Now that Danza Viva & Wednesday Journal Talent Search 2006 has reached the semifinals, qualifying words like “but” and “however” have crept into the judges’ critiques. The competitors in Youth Dance and Youth Vocals were not just hearing words of praise. They received astute criticism to help them shape their next performance.
For example, Elizabeth Healy, a 16-year-old from Forest Park, was told to “open up more” when she “pops up to her pretty little breathy notes.” Healy sang “I’m Not That Girl” in the crowded confines of The Brown Cow Ice Cream Parlor in Forest Park. She followed it up with another ballad, “Fields of Gold,” at Park National Bank in Oak Park.
The bank was packed on the evening of May 11 with 140 spectators. Healy was instantly recognizable in the crowd with her trademark red hair. “I love the contest,” she said, “I love the feedback from the judges, and I’ve made friends with the other singers.”
The sophomore from Trinity High School also loves Forest Park. “It’s not too big and everyone knows each other.” Healy’s singing career began in Forest Park, when she belted out “Leader of the Pack” at a first grade talent show. She continues to perform in her hometown, appearing in a number of Circle Theatre productions.
Now that she’s one of the three surviving singers in Youth Vocals, she’s not sure what she’s going to sing next. “I’ve already done three ballads,” Healy said, “so I’m going to bust it out with a faster song.” Healy has won an hour of recording studio time by getting to the finals although she’s not planning a life on the stage. She’s already working with mentally challenged children and hopes to make that her career.
Annie Weinheimer, who is also among the three finalists in youth vocals, is thoroughly enjoying Talent Search 2006. “The other singers want to win, but they’re good sports,” Weinheimer said. “They’ve been cheering for the other performers.” Weinheimer identified the chief cheerleader as none other than Elizabeth Healy.
Weinheimer, an 11-year-old from River Forest, won over judges and competitors alike with her rendition of “Journey to the Past” from Anastasia. Before appearing at the bank, Weinheimer had given an equally powerful performance at the Buzz Café. Her sustained notes on “At Last” gave at least one judge goose bumps.
“I’ve been in all my school plays and two talent contests,” Weinheimer said. But those contests were not as large-scale as Talent Search 2006. “The criticisms and complements from the judges have actually helped me.”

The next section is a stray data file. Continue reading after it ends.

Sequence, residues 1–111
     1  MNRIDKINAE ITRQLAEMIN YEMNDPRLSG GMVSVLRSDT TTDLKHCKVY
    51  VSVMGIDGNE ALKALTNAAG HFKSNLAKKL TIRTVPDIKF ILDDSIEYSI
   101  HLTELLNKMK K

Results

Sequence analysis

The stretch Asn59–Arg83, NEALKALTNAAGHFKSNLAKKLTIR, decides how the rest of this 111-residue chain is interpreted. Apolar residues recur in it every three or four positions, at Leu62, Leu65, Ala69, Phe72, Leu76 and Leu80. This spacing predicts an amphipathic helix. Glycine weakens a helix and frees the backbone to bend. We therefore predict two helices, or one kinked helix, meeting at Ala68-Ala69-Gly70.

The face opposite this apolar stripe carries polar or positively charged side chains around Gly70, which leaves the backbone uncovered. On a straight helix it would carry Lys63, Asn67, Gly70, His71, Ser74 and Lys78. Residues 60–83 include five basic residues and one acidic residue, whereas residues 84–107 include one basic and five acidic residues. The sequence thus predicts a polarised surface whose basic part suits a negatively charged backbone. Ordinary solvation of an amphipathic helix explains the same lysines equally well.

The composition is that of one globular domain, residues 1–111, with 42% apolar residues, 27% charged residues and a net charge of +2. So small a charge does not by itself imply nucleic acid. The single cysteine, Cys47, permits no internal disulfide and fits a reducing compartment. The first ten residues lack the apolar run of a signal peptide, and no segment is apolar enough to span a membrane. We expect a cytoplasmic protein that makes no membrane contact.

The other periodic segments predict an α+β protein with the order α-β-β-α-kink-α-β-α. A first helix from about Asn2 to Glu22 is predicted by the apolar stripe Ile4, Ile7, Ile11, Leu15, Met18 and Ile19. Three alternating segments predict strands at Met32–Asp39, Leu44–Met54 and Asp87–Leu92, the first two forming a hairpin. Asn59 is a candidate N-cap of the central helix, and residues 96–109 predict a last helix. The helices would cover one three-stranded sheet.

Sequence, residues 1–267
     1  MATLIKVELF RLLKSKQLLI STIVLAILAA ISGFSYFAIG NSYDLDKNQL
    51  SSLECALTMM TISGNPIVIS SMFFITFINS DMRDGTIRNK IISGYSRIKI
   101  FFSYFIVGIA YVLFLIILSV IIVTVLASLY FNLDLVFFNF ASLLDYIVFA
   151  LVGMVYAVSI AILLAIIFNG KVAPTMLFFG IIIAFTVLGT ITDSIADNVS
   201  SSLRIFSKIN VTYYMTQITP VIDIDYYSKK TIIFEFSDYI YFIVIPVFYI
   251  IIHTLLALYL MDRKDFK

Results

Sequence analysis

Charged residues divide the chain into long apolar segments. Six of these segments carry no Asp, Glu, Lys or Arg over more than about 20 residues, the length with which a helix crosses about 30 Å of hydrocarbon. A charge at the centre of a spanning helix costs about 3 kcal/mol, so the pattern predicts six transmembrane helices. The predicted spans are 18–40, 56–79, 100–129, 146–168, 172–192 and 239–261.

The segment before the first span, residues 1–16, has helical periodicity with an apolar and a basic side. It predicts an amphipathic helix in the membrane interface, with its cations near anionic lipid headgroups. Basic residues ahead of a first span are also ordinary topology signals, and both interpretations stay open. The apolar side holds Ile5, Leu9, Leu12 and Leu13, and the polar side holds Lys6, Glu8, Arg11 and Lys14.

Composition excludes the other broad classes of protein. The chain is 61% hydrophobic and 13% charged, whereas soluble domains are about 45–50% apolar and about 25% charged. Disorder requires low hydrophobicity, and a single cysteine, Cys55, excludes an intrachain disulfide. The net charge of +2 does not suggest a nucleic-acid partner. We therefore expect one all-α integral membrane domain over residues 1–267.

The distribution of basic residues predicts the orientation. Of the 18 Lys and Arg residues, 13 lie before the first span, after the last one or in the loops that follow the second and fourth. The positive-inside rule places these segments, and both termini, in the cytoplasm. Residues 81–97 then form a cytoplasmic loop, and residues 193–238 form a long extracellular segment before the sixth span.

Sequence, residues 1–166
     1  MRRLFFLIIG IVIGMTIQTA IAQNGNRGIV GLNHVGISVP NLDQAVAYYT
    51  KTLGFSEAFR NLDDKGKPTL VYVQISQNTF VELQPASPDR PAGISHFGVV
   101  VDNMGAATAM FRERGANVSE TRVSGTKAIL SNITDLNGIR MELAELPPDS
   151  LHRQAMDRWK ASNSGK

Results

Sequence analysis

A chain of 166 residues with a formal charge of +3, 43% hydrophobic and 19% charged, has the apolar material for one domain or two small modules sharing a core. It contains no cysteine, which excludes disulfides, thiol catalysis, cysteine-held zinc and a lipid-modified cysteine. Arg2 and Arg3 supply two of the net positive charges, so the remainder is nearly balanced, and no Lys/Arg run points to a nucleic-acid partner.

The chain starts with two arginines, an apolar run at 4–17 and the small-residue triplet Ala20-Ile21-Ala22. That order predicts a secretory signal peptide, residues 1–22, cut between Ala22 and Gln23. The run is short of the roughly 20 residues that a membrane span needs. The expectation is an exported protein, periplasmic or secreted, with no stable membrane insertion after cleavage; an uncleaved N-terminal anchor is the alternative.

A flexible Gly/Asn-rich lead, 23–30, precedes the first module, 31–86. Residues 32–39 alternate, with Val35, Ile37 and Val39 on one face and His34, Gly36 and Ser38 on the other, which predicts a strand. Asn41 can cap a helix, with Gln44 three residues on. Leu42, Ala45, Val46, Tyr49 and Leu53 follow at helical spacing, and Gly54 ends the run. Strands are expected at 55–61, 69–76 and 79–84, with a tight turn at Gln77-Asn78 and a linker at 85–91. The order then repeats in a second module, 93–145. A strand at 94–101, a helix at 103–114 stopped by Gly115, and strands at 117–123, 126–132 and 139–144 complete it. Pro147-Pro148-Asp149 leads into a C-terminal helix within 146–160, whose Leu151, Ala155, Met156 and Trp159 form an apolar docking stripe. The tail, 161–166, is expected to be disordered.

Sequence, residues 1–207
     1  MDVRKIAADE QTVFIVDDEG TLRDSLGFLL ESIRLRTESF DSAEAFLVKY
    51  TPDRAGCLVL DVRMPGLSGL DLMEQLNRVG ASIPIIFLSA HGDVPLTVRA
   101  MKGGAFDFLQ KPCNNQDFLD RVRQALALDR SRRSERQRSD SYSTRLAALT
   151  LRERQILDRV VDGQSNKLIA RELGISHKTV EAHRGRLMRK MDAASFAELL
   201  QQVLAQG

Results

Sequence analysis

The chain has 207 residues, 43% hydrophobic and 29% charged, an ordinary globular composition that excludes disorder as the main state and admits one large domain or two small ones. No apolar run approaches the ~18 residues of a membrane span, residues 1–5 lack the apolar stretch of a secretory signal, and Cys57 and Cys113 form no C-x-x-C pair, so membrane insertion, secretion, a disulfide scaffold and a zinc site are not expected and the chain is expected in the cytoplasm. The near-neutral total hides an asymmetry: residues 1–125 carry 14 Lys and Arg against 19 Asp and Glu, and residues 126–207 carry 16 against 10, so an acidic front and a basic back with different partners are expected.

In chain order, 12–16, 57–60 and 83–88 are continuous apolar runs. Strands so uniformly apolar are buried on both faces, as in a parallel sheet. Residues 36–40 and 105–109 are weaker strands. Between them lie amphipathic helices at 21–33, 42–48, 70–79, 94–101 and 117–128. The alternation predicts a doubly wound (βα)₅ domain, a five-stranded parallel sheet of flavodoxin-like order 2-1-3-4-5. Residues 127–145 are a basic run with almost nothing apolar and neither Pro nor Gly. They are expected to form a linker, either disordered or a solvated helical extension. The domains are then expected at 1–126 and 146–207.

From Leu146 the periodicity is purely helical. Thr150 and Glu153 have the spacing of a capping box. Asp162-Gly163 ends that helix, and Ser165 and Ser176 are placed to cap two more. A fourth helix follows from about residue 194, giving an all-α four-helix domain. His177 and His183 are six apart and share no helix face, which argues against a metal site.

As for her musical tastes, Weinheimer prefers old standards”upbeat, jazzy songs like “Get Happy” which she will sing in the finals at FitzGerald’s on May 25. “I like listening to pop songs but they don’t really show off my talent.” An alto who can also reach the high notes, she’ll get a chance to show her stuff in a studio, as she, too, has already won an hour of recording time.
The six surviving youth dancers assembled at Francesca’s Fiore, in Forest Park. A small but enthusiastic crowd was treated to some great dancing, enhanced by the delicious aroma of roasted garlic. Danza Viva director Rebecca Huntman said the contest was “planting a seed in the hearts” of the young dancers. She hopes they can continue to grow that seed through hard work.
Nazarij Blagyy demonstrated that, pound for pound, he’s the hardest worker in show business. Dancing in front of his delighted parents, Blagyy commanded the floor with his break-dancing, backflips and handstands. As usual, he incorporated difficult gymnastic moves into his hip-hop dance.
According to the appreciative judges, Blagyy “hit the big moves at precisely the right moment.” They also commented on his “great smoothness of movement.” Another judge confessed that she could watch him dance all day long. Blagyy may be pint-sized but there’s a fierce power to his dancing. He works so hard at it, he’s acquired muscles and a “six pack” just from dancing.
Isabella Diaz got the crowd revved up with her fiery tap-dance to “Born to Boogie.” Dressed in an equally fiery red costume, Diaz nailed her tap steps to the honky-tonk song. She had the whole crowd clapping along, as she cavorted around the floor.
Diaz used a folding chair and her hat as props. She started the number in an unusual way”seated with her back to the judges. Then she danced around the chair, as if it were a game of “musical chairs.” Her moves were sharp and her flying feet made their own music.
Judges acknowledged it was a “stretch” to use a country song for a tap number. But they described Diaz’s performance as a “triumph” because her “country persona made it believable.” One judge admitted that tap was her least favorite dance but she loved the number. Diaz is the only female among the three finalists.
If starting a dance with your back to the judges is different, Marcus Coleman’s opening was completely outside the box. The 12-year-old from Oak Park began his dance stretched out on the floor, apparently slumbering on a pillow. As the strains of “Run It” started. Coleman did a realistic rendition of a 12-year-old boy reluctantly rising from his bed. That’s because he has daily practice.
“It’s hard for me to get up in the morning,” the lanky dancer confessed. He decided to internalize that feeling and sell it to the judges. Coleman was all action once he was awake. He used the whole floor during the hip-hop routine, including a “reach out” to his mom.
At the end of his exhausting exercise, Coleman’s head landed perfectly back on the pillow. The judges commented on how far Coleman has come since auditions. They included “but” and “however,” though, pointing out that Coleman could add break-dancing and improve his interaction with the audience.
When you ascend to the finals, you have to be ready for some criticism.